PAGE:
Persistent pain is common, affecting around five million people in the UK. For many sufferers, pain can be frustrating and disabling, resulting in functional impairment - physically, emotionally and vocationally. Medications and other treatments that aim to reduce pain intensity play a role in the management of symptoms, but should be provided as part of a wider management plan focused on reducing disability and improving overall quality of life.
Opioids have been increasingly prescribed to treat chronic non-malignant pain. There is evidence from clinical trials that they can be effective, in the short and medium term, in providing symptomatic improvement in somatic, visceral and neuropathic pain. Complete relief of pain is rarely achieved. The goal should be to reduce pain sufficiently to facilitate engagement with rehabilitation and the restoration of useful function. The management of persistent pain focuses not only on reduction in pain intensity but also on improvement in sleep, mood, and physical, vocational, social and emotional wellbeing.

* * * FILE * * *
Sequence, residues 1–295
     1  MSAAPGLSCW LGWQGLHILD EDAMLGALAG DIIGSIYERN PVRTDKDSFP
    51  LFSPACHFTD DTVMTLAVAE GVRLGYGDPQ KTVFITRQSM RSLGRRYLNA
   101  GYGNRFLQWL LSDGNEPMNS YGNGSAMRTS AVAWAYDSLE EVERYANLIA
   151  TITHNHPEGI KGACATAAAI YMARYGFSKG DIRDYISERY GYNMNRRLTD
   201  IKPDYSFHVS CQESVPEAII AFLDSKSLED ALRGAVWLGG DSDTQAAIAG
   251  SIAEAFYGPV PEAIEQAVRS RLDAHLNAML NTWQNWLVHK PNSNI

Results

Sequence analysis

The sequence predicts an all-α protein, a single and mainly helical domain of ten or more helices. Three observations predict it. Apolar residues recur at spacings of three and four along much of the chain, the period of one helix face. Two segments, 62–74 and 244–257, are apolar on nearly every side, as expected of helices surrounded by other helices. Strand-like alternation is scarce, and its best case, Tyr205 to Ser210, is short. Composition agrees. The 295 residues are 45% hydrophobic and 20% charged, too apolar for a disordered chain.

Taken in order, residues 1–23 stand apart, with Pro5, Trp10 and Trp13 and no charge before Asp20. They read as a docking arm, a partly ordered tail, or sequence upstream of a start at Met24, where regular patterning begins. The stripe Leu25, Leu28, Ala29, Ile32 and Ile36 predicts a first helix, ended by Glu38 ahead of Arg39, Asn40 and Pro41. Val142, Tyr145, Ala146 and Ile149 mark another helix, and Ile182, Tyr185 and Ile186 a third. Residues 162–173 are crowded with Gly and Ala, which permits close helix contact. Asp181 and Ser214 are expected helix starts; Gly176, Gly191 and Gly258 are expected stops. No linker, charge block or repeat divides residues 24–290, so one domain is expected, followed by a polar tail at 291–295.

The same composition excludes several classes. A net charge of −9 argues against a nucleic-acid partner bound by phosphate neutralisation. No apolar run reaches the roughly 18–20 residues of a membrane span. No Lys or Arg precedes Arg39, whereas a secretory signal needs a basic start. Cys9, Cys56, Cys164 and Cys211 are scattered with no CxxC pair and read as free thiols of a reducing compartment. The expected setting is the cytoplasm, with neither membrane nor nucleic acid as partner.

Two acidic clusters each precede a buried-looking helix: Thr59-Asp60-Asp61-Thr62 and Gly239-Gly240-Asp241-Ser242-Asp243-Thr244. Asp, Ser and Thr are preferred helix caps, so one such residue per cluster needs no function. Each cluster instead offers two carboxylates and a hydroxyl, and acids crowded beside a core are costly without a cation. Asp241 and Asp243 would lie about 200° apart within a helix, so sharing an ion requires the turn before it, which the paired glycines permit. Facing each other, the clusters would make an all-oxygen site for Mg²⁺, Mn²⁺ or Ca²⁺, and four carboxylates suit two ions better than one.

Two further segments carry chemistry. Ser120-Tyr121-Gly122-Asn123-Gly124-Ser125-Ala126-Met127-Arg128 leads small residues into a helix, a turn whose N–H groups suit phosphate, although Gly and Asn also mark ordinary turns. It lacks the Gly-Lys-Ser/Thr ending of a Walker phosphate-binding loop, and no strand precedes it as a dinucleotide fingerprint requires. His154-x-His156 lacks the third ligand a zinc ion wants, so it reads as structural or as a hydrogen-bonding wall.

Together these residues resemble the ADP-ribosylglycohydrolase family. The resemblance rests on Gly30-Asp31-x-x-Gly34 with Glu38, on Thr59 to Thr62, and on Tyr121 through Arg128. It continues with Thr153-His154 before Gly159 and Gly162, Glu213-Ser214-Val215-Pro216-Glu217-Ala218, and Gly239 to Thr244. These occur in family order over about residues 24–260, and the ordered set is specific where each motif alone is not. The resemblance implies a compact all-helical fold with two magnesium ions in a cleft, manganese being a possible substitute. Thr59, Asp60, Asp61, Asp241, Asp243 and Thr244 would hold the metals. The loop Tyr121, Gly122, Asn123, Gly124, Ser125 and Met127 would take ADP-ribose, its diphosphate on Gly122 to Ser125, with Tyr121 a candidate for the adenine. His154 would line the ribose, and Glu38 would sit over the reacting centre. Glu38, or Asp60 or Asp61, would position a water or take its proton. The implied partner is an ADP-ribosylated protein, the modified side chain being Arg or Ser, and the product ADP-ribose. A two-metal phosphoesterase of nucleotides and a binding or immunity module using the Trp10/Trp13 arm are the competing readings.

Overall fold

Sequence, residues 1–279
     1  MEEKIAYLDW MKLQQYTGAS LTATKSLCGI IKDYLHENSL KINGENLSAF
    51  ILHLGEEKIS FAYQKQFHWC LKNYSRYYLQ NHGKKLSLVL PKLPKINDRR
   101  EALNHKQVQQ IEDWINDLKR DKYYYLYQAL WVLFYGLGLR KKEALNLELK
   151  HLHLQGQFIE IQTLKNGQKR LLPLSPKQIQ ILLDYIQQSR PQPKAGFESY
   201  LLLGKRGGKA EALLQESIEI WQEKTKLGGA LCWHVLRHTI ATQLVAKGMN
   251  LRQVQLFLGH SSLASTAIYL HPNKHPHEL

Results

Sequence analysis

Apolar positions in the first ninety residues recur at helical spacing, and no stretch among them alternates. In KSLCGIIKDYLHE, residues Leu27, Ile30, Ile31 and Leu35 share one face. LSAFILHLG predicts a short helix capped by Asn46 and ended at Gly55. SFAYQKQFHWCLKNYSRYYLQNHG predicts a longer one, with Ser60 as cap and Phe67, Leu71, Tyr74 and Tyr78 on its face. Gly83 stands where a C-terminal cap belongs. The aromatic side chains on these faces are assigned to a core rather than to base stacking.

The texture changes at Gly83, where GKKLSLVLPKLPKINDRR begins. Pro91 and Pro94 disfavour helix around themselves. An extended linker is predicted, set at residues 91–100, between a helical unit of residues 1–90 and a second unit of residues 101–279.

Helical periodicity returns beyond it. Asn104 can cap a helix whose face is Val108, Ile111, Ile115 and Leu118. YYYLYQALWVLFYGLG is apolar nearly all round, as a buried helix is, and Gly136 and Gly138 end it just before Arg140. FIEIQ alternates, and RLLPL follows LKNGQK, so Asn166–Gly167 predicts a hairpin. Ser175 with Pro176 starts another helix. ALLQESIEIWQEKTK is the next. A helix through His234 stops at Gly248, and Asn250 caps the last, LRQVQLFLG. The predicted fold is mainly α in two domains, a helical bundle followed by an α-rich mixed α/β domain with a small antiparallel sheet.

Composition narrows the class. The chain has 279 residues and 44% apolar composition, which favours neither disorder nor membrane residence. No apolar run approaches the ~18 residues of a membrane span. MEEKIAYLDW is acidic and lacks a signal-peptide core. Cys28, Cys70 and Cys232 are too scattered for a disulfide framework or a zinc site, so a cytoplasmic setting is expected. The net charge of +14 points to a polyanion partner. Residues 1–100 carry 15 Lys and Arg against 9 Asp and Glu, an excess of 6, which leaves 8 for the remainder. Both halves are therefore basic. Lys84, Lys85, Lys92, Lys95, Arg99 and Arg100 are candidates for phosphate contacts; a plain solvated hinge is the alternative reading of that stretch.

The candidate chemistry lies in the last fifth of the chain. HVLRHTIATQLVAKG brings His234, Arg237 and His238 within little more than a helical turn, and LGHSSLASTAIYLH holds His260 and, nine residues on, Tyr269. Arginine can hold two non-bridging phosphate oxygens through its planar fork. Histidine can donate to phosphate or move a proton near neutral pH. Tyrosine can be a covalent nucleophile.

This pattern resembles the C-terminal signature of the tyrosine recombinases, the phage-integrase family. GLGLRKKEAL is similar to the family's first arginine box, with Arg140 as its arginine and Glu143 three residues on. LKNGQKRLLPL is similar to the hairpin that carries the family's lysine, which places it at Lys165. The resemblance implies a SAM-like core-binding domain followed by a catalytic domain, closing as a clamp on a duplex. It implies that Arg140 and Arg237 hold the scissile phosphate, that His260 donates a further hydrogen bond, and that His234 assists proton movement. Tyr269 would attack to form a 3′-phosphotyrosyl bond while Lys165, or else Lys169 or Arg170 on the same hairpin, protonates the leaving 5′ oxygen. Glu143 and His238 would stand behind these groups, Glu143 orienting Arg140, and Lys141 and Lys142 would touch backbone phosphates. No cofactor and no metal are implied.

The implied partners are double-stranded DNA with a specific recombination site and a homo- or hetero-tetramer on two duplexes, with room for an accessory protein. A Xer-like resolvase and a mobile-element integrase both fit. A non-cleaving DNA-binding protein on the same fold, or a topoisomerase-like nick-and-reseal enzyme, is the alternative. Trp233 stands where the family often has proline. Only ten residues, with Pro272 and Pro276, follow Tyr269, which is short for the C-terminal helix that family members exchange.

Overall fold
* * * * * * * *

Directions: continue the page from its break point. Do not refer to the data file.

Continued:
The safety and efficacy of opioids in the long term is uncertain, as is the propensity for these drugs to cause problems of tolerance, dependence and addiction. The benefits of opioid treatment for the patient must be balanced against burdens of long term use as therapy for persistent pain may need to be continued for months or years.
There is no good predictive factor of the analgesic effect of opioids in chronic non-malignant pain. If deemed appropriate, the individual should have a monitored opioid trial over a period of 6 weeks to determine the effectiveness of the treatment and the presence of side effects. If the clinical decision is made to continue the prescription of the opioid, there should be ongoing timely reassessment.
Recommendations are made on determining the suitability of an opioid trial, the choice of opioid, the conduct of an opioid trial and long term monitoring of the patient.
The guidelines reviewed included the following:
- The British Pain Society (2010)
- Sign 136 – Management of Chronic Pain (Dec 2013)
- U.S. Department of Veterans Affairs/Department of Defence (2010)
- The Canadian Guidance (2010)
- Guidelines for South Australian GPs (2009)
- American Pain Society-American Academy of Pain Medicine (APS-AAPM) Clinical Guidelines for the Use of Chronic Opioid Therapy in Chronic Noncancer Pain (2009)